Quotes from The Great Book of Amber

Roger Zelazny ·  1258 pages

Rating: (22K votes)

“There's no such thing as civilization. The word just means the art of living in cities.”
― Roger Zelazny, quote from The Great Book of Amber

“When I said I wanted to die in my sleep, I meant I wanted to be stepped on by an elephant while making love.”
― Roger Zelazny, quote from The Great Book of Amber

“I have always found that hell is other people.”
― Roger Zelazny, quote from The Great Book of Amber

“While it shows the gods as no better than the rest of us," she said, "at least, it shows them as no worse. See here the sources of human morality.”
― Roger Zelazny, quote from The Great Book of Amber

“Excuse me, please. You do not understand. You do not really understand who it was we talked with in the tent that night. He may have seemed an ordinary man to you – a handicapped one, at that. But this is not so. I fear Benedict. He is the Master of Arms for Amber. Can you conceive of a millennium? A thousand years? Several of them? Can you understand a man who, for almost every day of a lifetime like that, has spent some time dwelling with weapons, tactics, strategy? All that there is of military science thunders in his head. He has often journeyed from shadow to shadow, witnessing variation after variation on the same battle, with but slightly altered circumstances, in order to test his theories of warfare. He has commanded armies so vast that you could watch them march by day after day and see no end to the columns. Although he is inconvenienced by the loss of his arm, I would not wish to fight with him either with weapons or barehanded. It is fortunate that he has no designs upon the throne, or he would be occupying it right now. If he were, I believe that I would give up at this moment and pay him homage. I fear Benedict.”
― Roger Zelazny, quote from The Great Book of Amber

“I sucked on a blade of grass and watched the millwheel turn. I was lying on my stomach on the stream's opposite bank, my head propped in my hands. There was a tiny rainbow in the mist above the froth and boil at the foot of the waterfall, and an occasional droplet found its way to me. The steady splashing and the sound of the wheel drowned out all other noises in the wood. The mill was deserted today, and I contemplated it because I had not seen its like in ages. Watching the wheel and listening to the water were more than just relaxing. It was somewhat hypnotic. …
My head nodding with each creak of the wheel, I forced everything else from my mind and set about remembering the necessary texture of the sand, its coloration, the temperature, the winds, the touch of salt in the air, the clouds...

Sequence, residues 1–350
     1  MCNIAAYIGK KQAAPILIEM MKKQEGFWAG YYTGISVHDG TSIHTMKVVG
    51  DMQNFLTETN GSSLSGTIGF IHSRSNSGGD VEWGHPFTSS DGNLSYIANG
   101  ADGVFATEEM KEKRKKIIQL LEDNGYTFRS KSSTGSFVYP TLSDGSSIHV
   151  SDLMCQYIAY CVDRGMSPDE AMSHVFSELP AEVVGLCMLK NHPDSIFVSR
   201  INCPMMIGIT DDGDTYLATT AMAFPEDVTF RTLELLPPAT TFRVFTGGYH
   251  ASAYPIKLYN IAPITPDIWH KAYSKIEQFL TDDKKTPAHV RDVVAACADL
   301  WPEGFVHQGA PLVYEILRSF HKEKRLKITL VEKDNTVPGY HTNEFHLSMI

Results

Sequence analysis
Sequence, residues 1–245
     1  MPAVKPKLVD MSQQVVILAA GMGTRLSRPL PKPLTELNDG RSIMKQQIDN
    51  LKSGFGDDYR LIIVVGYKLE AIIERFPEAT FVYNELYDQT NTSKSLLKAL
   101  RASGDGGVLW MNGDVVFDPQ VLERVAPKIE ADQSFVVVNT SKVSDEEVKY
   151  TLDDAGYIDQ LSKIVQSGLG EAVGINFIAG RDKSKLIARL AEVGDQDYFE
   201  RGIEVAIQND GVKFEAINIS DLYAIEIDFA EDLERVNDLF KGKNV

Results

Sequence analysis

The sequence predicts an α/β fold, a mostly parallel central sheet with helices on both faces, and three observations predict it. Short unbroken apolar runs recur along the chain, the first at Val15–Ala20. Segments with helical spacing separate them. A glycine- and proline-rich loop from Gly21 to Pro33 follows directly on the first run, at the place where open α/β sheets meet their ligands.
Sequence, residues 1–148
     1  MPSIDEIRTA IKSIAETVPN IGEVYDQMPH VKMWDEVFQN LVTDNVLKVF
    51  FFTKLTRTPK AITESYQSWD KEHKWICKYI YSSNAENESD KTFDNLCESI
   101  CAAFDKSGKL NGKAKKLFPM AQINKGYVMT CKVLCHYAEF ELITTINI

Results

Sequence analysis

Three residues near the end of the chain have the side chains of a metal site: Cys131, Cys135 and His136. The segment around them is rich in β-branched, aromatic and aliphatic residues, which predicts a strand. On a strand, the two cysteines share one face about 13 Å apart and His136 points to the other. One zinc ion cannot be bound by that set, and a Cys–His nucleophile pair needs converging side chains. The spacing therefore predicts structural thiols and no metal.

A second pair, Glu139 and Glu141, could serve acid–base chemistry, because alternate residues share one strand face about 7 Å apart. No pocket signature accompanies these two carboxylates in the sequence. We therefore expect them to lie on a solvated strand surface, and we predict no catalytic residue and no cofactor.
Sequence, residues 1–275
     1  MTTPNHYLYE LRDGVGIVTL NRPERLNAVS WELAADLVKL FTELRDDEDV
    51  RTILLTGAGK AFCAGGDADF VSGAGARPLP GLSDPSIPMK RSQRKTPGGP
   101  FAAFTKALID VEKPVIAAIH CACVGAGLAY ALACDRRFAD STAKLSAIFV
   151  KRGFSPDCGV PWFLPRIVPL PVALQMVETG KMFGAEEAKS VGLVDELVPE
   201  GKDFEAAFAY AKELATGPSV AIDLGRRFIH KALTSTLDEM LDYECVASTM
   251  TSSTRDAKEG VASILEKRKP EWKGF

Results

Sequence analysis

I slept then and I dreamed, but not of the place that I sought.
I regarded a big roulette wheel, and we were all of us on it-my brothers, my sisters, myself, and others whom I knew or had known-rising and falling, each with his allotted section. We were all shouting for it to stop for us and wailing as we passed the top and headed down once more. The wheel had begun to slow and I was on the rise. A fair-haired youth hung upside down before me, shouting pleas and warnings that were drowned in the cacophony of voices. His face darkened, writhed, became a horrible thing to behold, and I slashed at the cord that bound his ankle and he fell from sight. The wheel slowed even more as I neared the top, and I saw Lorraine then. She was gesturing, beckoning frantically, and calling my name. I leaned toward her, seeing her clearly, wanting her, wanting to help her. But as the wheel continued its turning she passed from my sight. “Corwin!”
I tried to ignore her cry, for I was almost to the top. It came again, but I tensed myself and prepared to spring upward. If it did not stop for me, I was going to try gimmicking the damned thing, even though falling off would mean my total ruin. I readied myself for the leap. Another click... “Corwin!”
It receded, returned, faded, and I was looking toward the water wheel again with my name echoing in my ears and mingling, merging, fading into the sound of the stream.

It plunged for over a thousand feet: a mighty cataract that smote the gray river like an anvil. The currents were rapid and strong, bearing bubbles and flecks of foam a great distance before they finally dissolved. Across from us, perhaps half a mile distant, partly screened by rainbow and mist, like an island slapped by a Titan, a gigantic wheel slowly rotated, ponderous and gleaming. High overhead, enormous birds rode like drifting crucifixes the currents of the air.
We stood there for a fairly long while. Conversation was impossible, which was just as well. After a time, when she turned from it to look at me, narrow-eyed, speculative, I nodded and gestured with my eyes toward the wood. Turning then, we made our way back in the direction from which we had come.
Our return was the same process in reverse, and I managed it with greater ease. When conversation became possible once more, Dara still kept her silence, apparently realizing by then that I was a part of the process of change going on around us.
It was not until we stood beside our own stream once more, watching the small mill wheel in its turning, that she spoke.”
― Roger Zelazny, quote from The Great Book of Amber

“And sweets to the sweet," I replied, then spoke the word that completed the spell, dropping a load of manure upon him.”
― Roger Zelazny, quote from The Great Book of Amber

About the author

Roger Zelazny
Born place: in Euclid, Ohio, The United States
Born date May 13, 1937
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